Composition. Golden ratio.

With this article I’d like to start series of articles about composition in photography. And I’d like to start with the most popular one – Golden ratio (also known as Rule of Thirds).
Wikipedia says “In mathematics and the arts, two quantities are in the golden ratio if the ratio of the sum of the quantities to the larger quantity is equal to (=) the ratio of the larger quantity to the smaller one. The golden ratio is an irrational mathematical constant, approximately 1.6180339887. Other names frequently used for the golden ratio are the golden section (Latin: sectio aurea) and golden mean.”
Translating this to common language:
a/b=b/c – these values have same ratio and (a+b)/a=a/b

Actually, this is it. It is golden ratio.

Now some history.
Ancient Greek mathematicians first studied what we now call the golden ratio because of its frequent appearance in geometry.
Euclid’s Elements provides the first known written definition of what is now called the golden ratio: “A straight line is said to have been cut in extreme and mean ratio when, as the whole line is to the greater segment, so is the greater to the less.”
The modern history of the golden ratio starts with Luca Pacioli’s De divina proportione of 1509, which captured the imagination of artists, architects, scientists, and mystics with the properties, mathematical and otherwise, of the golden ratio.

This rule is know for ages. Actually some scientists think Pythagoras had taken the rule from Egypt as Pyramids and lots of statues in Egypt are built on these proportions.
Parthenon in Greece has many proportions that approximate it.
A geometrical analysis of the Great Mosque of Kairouan reveals a consistent application of the golden ratio throughout the design, according to Boussora and Mazouz.

The ratio is just natural rule how things are organized

Leonardo da Vinci’s illustrations of polyhedra in De Divina Proportione (On the Divine Proportion) and his views that some bodily proportions exhibit the golden ratio have led some scholars to speculate that he incorporated the golden ratio in his paintings.

Salvador Dalí explicitly used the golden ratio in his masterpiece, The Sacrament of the Last Supper. The dimensions of the canvas are a golden rectangle. A huge dodecahedron, with edges in golden ratio to one another, is suspended above and behind Jesus and dominates the composition.

Mondrian used the golden section extensively in his geometrical paintings.

Golden ratio is also used in music.

Not enough proves? Ok, more is coming.

Even human was built using golden ratio. Its a kind of universal rule.

Now how does it all work in photography.
First of all, its not really rule of thirds. Rule of thirds is just a simplification. If we have a line with length 100, Golden Ratio is division of this line with lengths of 68 and 32, so it is 62:38, while rule of thirds is 67:33. Cameras usually have grid with 67:33, so if you are going to use this rule, bear in mind that intersections are a bit closer to the centre. There’s also Golden Ratio 2, which is 56:44.

Golden Ratio

It is not really important which picture format you have, proportion always look like this:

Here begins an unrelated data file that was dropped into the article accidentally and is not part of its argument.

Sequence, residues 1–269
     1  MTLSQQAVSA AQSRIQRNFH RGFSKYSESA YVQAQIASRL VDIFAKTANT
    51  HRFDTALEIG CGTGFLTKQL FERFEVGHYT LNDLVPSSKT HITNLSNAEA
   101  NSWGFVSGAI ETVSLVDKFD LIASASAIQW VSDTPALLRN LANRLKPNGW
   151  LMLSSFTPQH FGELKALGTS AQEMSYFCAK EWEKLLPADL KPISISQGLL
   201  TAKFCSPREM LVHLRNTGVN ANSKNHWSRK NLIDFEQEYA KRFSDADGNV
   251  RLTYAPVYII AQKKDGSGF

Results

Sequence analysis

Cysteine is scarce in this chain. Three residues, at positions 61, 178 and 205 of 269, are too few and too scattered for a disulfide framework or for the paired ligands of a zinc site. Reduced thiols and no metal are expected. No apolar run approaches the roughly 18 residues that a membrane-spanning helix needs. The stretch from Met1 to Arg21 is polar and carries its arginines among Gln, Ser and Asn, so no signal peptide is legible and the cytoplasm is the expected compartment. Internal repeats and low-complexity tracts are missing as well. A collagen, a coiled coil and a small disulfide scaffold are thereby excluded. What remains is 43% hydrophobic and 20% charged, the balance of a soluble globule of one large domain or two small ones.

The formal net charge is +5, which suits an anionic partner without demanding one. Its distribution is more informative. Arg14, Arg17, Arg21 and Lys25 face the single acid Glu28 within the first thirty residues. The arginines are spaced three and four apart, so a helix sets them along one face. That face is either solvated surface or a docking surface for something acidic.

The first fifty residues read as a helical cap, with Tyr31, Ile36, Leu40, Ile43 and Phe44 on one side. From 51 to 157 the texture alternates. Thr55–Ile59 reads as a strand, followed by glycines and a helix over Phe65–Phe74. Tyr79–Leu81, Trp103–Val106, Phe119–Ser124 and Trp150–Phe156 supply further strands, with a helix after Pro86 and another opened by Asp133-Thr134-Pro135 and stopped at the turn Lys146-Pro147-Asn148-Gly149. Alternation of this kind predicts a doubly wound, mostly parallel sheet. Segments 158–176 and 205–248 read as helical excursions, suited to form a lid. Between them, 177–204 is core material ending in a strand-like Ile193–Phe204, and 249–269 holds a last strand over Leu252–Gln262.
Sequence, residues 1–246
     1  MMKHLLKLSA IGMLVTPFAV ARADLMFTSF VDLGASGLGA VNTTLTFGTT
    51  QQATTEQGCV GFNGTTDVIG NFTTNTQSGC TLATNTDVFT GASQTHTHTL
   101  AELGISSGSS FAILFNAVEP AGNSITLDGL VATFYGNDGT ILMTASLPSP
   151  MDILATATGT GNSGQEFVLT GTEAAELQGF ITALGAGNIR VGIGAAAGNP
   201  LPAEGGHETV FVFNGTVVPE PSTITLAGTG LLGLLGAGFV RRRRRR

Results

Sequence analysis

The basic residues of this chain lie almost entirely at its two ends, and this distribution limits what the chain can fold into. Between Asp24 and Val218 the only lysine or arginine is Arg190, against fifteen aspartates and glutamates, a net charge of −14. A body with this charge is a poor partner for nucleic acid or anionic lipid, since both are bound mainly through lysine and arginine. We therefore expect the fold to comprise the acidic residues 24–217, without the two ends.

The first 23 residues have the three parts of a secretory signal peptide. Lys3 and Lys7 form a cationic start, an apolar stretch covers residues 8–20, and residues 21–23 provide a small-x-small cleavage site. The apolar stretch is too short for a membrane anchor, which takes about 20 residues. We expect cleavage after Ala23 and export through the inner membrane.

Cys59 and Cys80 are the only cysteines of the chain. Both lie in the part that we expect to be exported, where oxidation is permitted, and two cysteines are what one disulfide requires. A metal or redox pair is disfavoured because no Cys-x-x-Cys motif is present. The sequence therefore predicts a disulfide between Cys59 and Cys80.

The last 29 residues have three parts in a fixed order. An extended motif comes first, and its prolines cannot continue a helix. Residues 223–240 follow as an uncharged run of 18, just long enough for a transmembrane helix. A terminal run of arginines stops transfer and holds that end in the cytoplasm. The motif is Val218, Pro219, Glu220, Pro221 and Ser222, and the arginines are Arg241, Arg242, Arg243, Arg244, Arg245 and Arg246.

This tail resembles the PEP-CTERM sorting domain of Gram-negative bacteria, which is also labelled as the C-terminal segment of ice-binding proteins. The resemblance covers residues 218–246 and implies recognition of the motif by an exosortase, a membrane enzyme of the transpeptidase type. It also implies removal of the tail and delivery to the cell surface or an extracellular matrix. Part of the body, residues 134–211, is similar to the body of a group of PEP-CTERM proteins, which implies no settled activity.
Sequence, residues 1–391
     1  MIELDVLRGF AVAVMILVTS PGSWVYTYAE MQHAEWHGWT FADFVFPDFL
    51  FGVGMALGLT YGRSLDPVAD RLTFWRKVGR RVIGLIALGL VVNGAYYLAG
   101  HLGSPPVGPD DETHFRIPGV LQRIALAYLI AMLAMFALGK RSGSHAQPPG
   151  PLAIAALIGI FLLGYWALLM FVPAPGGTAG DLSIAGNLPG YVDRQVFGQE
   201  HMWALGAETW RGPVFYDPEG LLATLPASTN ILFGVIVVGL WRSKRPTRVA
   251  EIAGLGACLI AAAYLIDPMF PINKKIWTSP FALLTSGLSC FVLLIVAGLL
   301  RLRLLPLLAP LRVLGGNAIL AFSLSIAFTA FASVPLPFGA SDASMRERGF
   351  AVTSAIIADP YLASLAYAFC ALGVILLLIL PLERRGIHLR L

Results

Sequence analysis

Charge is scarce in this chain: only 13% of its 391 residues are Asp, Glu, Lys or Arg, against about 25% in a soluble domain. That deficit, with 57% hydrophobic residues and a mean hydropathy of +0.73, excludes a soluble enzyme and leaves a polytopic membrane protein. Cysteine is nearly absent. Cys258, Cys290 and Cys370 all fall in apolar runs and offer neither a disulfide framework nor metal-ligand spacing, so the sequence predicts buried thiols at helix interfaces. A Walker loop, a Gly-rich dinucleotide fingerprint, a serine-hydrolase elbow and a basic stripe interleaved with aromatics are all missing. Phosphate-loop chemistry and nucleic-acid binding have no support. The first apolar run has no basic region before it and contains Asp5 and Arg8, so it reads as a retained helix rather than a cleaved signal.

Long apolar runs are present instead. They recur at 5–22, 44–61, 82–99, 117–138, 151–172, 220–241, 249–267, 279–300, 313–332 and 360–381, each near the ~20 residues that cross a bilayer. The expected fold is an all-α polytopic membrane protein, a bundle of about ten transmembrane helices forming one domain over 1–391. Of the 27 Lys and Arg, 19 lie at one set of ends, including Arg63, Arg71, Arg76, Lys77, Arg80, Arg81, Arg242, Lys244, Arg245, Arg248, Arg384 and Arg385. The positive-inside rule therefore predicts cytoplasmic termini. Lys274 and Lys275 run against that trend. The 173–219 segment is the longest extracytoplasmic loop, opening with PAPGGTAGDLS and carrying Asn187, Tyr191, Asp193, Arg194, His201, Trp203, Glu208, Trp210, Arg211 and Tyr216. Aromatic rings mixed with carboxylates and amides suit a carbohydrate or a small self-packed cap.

So what’s next? It’s simple, just put important things in your photo, your accent, to the intersection points.
But that is not all.
Nowadays many people argue with this rule saying its nonsense and I’d like to explain and clarify this question.
Most of the time they argue that horizon shouldn’t be on the thirds, it can be in the center. Did I say anywhere horizon should stick to the third? No. I just said that important, accent things should be there. Horizon may be important and may be not, you may even not have it at all and still you have to compose a photo. However, in landscapes horizon is often important.

For example here horizon is not important at all – there’re other playing lines, so its here jsut for some stability.

and here it is one of the main lines, you cannot disregard it:

Determine what is important in you photo, what did attract you – foreground or sky. If one is obviously most important, than divide your photo accordingly giving more space to it. Photos with division 1/3, 2/3 are more dynamic, giving you “effect of presence”, while those with horizon in the middle are more tranquil and calm. The main thing here – any important lines (horizon, big tree etc) shouldn’t split you photo into parts, making 2 separate photos, it should all be one.

I bet when you look at photo for the 1st time you look near one of those intersections. Test yourself. Here’re some examples:

Before applying this or any other rules – think. What do you want to achive and if particular method will suit you.
The main exception to this rule is panoramas. You will usually put hirozon in the middle or not far from it. Because otherwise one of the sides becomes very “heavy”.

There’re other “rules” or recommendations, which may be applied and I will try to write about them as well soon.

Journal Comments

  • reypr
desktop tablet-landscape content-width tablet-portrait workstream-4-across phone-landscape phone-portrait
desktop tablet-landscape content-width tablet-portrait workstream-4-across phone-landscape phone-portrait